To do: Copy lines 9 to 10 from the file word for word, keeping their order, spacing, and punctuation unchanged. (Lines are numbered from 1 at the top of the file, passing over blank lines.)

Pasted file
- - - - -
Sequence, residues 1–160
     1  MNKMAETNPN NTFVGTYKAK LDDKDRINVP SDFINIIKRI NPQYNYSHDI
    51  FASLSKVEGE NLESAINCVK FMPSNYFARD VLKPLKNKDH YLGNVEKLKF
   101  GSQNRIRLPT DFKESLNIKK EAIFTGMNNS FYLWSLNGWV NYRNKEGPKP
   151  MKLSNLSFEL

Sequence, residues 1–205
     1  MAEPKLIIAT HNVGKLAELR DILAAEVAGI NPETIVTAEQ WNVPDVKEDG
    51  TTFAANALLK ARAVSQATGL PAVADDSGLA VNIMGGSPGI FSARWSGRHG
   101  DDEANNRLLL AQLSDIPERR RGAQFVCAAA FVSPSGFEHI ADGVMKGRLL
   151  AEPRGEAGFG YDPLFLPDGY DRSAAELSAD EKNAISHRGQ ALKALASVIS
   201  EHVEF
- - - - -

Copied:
   101  DDEANNRLLL AQLSDIPERR RGAQFVCAAA FVSPSGFEHI ADGVMKGRLL
   151  AEPRGEAGFG YDPLFLPDGY DRSAAELSAD EKNAISHRGQ ALKALASVIS